Check this graph:
So, a computer checking your digital footprint, based on enough Facebook likes, knows your personality better than your friends or family. Well, or maybe you know yourself better than your family or friends (because you are the person clicking the ‘likes’). Do read this blog post by one of the researchers who reviewed the study.
The press release is very, very long, I share the most relevant part:
In the new study, researchers used a sample of 86,220 volunteers on Facebook who completed a 100-item personality questionnaire through the ‘myPersonality’ app, as well as providing access to their Likes.
These results provided self-reported personality scores for what are known in psychological practice as the ‘big five’ traits: openness, conscientiousness, extraversion, agreeableness, and neuroticism–the OCEAN model. Through this, researchers could establish which Likes equated with higher levels of particular traits e.g. liking ‘Salvador Dali’ or ‘meditation’ showed a high degree of openness.
Users of the ‘myPersonality’ app were then given the option of inviting friends and family to judge the psychological traits of the user through a shorter version of the personality test. These were the human judges in the study–those listed on Facebook as friends or family expressing their judgement of a subject’s personality using a 10-item questionnaire
Researchers were able to get a sample of 17,622 participants judged by one friend or family member, and a sample of 14,410 judged by two.
To gauge the accuracy of these measurements, the online personality judgements were corroborated with a meta-analysis of previous psychological studies over decades which looked at how people’s colleagues, family and so on judge their personality. Researchers found their online values similar to the averages from years of person-to-person research.
In this way, the researchers were able to come up with accuracy comparisons between computer algorithms and the personality judgements made by humans. Given enough Likes, the computers came closer to a person’s self-reported personality than their brothers, mothers or partners.
Dr Michal Kosinski, co-author and researcher at Stanford, says machines have a couple of key advantages that make these results possible: the ability to retain and access vast quantities of information, and the ability to analyse it with algorithms–the techniques of ‘Big Data’.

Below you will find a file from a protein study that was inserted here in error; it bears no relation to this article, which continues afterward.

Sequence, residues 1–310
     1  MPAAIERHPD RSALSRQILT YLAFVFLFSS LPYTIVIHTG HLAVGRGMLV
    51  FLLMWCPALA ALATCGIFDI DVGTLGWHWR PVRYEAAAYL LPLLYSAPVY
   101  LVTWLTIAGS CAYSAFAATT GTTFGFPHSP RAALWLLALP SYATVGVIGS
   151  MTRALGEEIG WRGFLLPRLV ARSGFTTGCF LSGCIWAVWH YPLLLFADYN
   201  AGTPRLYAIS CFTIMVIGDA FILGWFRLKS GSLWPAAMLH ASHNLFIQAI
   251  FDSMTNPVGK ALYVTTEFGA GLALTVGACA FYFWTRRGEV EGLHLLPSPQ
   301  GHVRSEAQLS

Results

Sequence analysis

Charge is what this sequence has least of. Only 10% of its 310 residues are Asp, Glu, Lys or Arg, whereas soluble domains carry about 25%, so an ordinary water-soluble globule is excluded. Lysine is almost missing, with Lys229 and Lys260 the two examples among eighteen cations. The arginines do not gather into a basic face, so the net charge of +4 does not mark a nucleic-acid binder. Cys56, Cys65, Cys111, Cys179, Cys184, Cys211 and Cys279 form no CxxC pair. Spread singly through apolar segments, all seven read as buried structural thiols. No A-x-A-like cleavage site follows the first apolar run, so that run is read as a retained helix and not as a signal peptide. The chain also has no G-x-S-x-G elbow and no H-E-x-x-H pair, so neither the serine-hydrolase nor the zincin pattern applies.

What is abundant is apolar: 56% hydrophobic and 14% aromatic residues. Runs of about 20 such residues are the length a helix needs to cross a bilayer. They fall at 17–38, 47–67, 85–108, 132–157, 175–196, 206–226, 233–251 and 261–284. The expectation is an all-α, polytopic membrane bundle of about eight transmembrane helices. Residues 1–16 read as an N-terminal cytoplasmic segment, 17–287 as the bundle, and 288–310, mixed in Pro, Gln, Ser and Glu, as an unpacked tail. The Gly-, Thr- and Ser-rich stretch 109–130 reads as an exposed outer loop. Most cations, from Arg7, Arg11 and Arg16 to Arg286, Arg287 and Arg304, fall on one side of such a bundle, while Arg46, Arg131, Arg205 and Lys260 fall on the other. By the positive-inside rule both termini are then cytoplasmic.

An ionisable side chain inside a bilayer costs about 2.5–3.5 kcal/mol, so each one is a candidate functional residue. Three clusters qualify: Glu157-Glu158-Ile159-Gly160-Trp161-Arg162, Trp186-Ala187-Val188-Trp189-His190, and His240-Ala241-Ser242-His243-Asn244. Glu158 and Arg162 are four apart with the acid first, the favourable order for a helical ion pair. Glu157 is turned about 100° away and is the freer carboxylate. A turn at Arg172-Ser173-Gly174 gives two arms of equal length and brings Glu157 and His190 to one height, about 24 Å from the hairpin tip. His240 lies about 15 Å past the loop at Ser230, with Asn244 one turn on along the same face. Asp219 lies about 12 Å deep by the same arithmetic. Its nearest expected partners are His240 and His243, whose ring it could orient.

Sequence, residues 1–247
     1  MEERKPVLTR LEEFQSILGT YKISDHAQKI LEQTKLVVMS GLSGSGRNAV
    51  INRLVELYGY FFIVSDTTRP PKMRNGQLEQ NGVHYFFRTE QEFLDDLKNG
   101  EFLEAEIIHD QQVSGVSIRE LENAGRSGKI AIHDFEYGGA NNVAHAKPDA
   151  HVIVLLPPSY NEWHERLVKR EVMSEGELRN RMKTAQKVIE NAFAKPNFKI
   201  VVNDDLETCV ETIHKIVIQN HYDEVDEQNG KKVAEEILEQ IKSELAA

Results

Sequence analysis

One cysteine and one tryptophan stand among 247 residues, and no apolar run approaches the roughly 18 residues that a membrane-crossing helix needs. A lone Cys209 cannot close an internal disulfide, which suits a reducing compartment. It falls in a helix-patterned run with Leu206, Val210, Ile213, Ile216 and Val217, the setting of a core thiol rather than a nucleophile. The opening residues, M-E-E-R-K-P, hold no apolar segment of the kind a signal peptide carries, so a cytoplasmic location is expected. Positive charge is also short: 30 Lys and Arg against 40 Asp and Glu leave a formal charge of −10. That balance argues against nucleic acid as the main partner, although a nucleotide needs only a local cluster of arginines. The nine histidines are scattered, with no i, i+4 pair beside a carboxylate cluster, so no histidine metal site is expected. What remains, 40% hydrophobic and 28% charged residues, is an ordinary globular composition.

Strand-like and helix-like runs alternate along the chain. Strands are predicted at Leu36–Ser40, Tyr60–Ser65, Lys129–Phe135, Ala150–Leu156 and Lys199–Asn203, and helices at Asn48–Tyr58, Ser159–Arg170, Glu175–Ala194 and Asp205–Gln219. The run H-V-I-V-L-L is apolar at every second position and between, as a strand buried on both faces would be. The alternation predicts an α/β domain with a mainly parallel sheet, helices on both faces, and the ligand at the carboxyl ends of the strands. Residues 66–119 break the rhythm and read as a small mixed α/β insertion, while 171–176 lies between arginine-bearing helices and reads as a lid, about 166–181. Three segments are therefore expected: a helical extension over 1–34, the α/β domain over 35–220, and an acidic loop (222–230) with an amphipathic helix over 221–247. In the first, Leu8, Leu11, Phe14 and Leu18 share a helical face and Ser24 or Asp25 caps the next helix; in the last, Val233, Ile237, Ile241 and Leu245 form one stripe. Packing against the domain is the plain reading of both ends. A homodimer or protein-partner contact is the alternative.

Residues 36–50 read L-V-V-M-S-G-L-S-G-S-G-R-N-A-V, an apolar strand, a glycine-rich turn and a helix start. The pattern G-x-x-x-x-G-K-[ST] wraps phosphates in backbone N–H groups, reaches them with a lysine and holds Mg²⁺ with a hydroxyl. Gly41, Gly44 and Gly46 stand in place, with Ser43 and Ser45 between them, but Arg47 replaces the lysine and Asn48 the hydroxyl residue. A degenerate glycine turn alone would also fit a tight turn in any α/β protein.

“Big Data and machine-learning provide accuracy that the human mind has a hard time achieving, as humans tend to give too much weight to one or two examples, or lapse into non-rational ways of thinking,” he said. Nevertheless, the authors concede that detection of some traits might be best left to human abilities, those without digital footprints or dependant on subtle cognition.
The authors of the study write that automated, accurate, and cheap personality assessments could improve societal and personal decision-making in many ways–from recruitment to romance.
“The ability to judge personality is an essential component of social living–from day-to-day decisions to long-term plans such as whom to marry, trust, hire, or elect as president,” said Cambridge co-author Dr David Stillwell. “The results of such data analysis can be very useful in aiding people when making decisions.”
Youyou explains: “Recruiters could better match candidates with jobs based on their personality; products and services could adjust their behaviour to best match their users’ characters and changing moods.
“People may choose to augment their own intuitions and judgments with this kind of data analysis when making important life decisions such as choosing activities, career paths, or even romantic partners. Such data-driven decisions may well improve people’s lives,” she said.
The researchers say that this kind of data mining and its inferences has hallmarks of techniques currently used by some digital service providers, and that–for many people–a future in which machines read our habits as an open book on a massive scale may seem dystopian to those concerned with privacy.
It’s a concern shared by the researchers. “We hope that consumers, technology developers, and policy-makers will tackle those challenges by supporting privacy-protecting laws and technologies, and giving the users full control over their digital footprints,” said Kosinski.
Abstract of the research:
Judging others’ personalities is an essential skill in successful social living, as personality is a key driver behind people’s interactions, behaviors, and emotions. Although accurate personality judgments stem from social-cognitive skills, developments in machine learning show that computer models can also make valid judgments. This study compares the accuracy of human and computer-based personality judgments, using a sample of 86,220 volunteers who completed a 100-item personality questionnaire. We show that (i) computer predictions based on a generic digital footprint (Facebook Likes) are more accurate (r = 0.56) than those made by the participants’ Facebook friends using a personality questionnaire (r = 0.49); (ii) computer models show higher interjudge agreement; and (iii) computer personality judgments have higher external validity when predicting life outcomes such as substance use, political attitudes, and physical health; for some outcomes, they even outperform the self-rated personality scores. Computers outpacing humans in personality judgment presents significant opportunities and challenges in the areas of psychological assessment, marketing, and privacy.